April 1, 2020

Mortgage Fraud Schemes Plague Struggling Homeowners

With Tennessee again leading the nation in bankruptcy filings, it is no surprise that instances of mortgage fraud are on the increase throughout the state.  According to the FBI, there are two categories of mortgage fraud – fraud for property and fraud for profit.

Fraud for property involves situations where a homeowner misrepresents his income and/or net worth on a loan application in order to qualify for a mortgage.  The homeowner’s intentions may be to remain in his house and repay the loan, but falsifying a mortgage application is a federal crime and can result in prosecution.   However, mortgage companies are generally interested in avoiding loss, meaning that if you materially misrepresented your financial information on a mortgage application there may be an opportunity for you to work out a deal with the mortgage company itself and avoid criminal prosecution.  In a bankruptcy context this may mean that you would agree to waive the discharge of a certain portion of your debt to the mortgage lender as a form of settlement of claim.

According to a recent FBI press release about mortgage fraud, the FBI’s main focus is on the second category of mortgage fraud – fraud for profit.  Fraud for profit generally involves multiple players and can result in hundreds of thousands or even millions of dollars of losses to banks and lending institutions.   In some of these sophisticated frauds, crooked appraisers, closing attorneys and real estate agents work together to secure inflated loans on properties that have very little market value.  Often trusting but naive individuals (who may end up as our clients for bankruptcy cases) are brought into the process as “straw buyers.”

For example, we previously represented a Chapter 7 debtor who came to us after his “real estate investments” went sour.  It turns out that our client had been solicited by his pastor to “sign some papers” for a real estate deal.  Our client was paid $10,000 for his involvement.  In fact, our client was being used as a straw buyer for a real estate scam.  He ended up as the title owner to several properties in the same neighborhood, all of which were subject to mortgage debt far in excess of their value.

When questioned if he thought it odd that a group of people he did not know would pay him $10,000 to sign his name to some papers and to become title owner of 7 houses, he had no response.  The problem, of course, is that by accepting the $10,000, our client became part of the fraud conspiracy.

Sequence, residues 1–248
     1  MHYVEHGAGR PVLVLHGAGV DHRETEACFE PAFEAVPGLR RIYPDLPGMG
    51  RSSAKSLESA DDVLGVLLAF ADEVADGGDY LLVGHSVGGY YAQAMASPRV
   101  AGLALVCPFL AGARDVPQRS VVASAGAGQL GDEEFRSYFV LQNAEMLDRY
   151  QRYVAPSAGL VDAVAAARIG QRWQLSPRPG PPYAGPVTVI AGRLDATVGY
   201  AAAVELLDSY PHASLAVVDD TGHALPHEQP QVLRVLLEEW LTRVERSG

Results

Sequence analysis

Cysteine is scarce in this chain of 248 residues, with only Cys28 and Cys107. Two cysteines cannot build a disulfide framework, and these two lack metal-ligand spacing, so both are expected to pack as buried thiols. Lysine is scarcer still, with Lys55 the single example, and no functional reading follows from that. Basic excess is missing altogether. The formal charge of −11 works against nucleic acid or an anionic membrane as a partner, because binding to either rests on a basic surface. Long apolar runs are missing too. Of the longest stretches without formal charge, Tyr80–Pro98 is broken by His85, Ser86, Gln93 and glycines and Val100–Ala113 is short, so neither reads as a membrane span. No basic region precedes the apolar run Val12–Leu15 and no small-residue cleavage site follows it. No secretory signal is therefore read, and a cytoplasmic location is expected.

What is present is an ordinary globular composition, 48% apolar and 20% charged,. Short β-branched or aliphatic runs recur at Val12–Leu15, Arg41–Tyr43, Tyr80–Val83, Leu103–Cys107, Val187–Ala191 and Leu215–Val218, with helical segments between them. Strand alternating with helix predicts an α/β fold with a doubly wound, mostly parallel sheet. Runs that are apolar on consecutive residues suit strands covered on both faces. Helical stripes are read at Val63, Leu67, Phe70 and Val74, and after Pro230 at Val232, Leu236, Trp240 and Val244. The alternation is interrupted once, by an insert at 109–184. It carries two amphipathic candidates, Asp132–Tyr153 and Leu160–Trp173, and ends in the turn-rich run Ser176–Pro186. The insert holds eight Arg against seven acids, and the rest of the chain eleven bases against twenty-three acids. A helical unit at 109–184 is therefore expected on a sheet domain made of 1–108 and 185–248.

If you are struggling financially, and someone comes to you with an offer that seems too good to be true, call our office and speak to one of our staff attorneys.  While bankruptcy is mainly about getting our clients out of trouble, we can also be helpful in spotting signs of real trouble before they happen to you.

As Foreclosure Rates Rise, Beware of Foreclosure Scams

With foreclosure numbers in Tennessee cities on the rise, it should come as no surprise that desperate homeowners are being targeted by scammers.  Usually the scammers pitch promises to stop a pending foreclosure using a "secret provision in the law" or an alleged special relationship with mortgage lenders.

In almost every case, the scammer asks for several hundred or several thousand dollars, then he prepares a two page Chapter 13 "emergency petition" in the homeowner’s name and files the petition in the local bankruptcy court.  The scammer does not put his own name on the petition – instead he signs the homeowner’s name as if the homeowner filed the case.

Often the emergency filing will stop the foreclosure, although only temporarily.  Under the bankruptcy law, a Chapter 13 plan and schedules must be filed within 15 days of the "emergency" filing.  Since the homeowner did not intend to file bankruptcy in the first place, many of these cases are dismissed by the clerk’s office when no plan and schedules are filed.

Further, many of the emergency petitions are filed without proper documentation – no credit counseling certificate and no pay advices.

At best, the bewildered homeowner will realize what is going on and will retain counsel to either proceed with the Chapter 13 or to file a dismissal in court.  More often than not, however, the homeowner will be afraid to take any action out of concern that the homeowner himself did something wrong.   The wrongfully filed case will wind its way through the bankruptcy system until it is eventually dismissed and the homeowner will be left facing foreclosure again, but with less of a bankruptcy option because of the previous filing.

Recently a federal judge in Kansas denied bond to a foreclosure scammer named Issac Yass, who owned a company called Stopco that allegedly perpetrateda slightly different type of bankruptcy fraud in several States, including Tennessee.  Investigators say that Yass operated by filing Chapter 13 petitions on behalf of fictitious persons who claimed to have a fractional interest in the properties in foreclosure.  He then charged homeowners a monthly fee.  Yass’ case is unique in that the alleged fraud was perpetrated on a grand scale – investigators contend that since 2006, Yass stopped foreclosures on over $50 million worth of properties.

At Clark and Washington, we have seen many cases of many kinds of foreclosure scams.   Sometimes we can help pick up the pieces, and sometimes there is little or nothing we can do.  If you are facing a foreclosure in Tennessee, we strongly recommend that you seek competant legal advice from a lawyer who is a member of the Tennessee bar.  If a non-attorney foreclosure prevention company solicits your business, run the other way.